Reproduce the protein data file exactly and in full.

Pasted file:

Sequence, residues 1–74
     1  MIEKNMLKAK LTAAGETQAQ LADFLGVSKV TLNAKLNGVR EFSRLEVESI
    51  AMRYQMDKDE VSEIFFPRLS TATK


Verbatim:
Sequence, residues 1–74
     1  MIEKNMLKAK LTAAGETQAQ LADFLGVSKV TLNAKLNGVR EFSRLEVESI
    51  AMRYQMDKDE VSEIFFPRLS TATK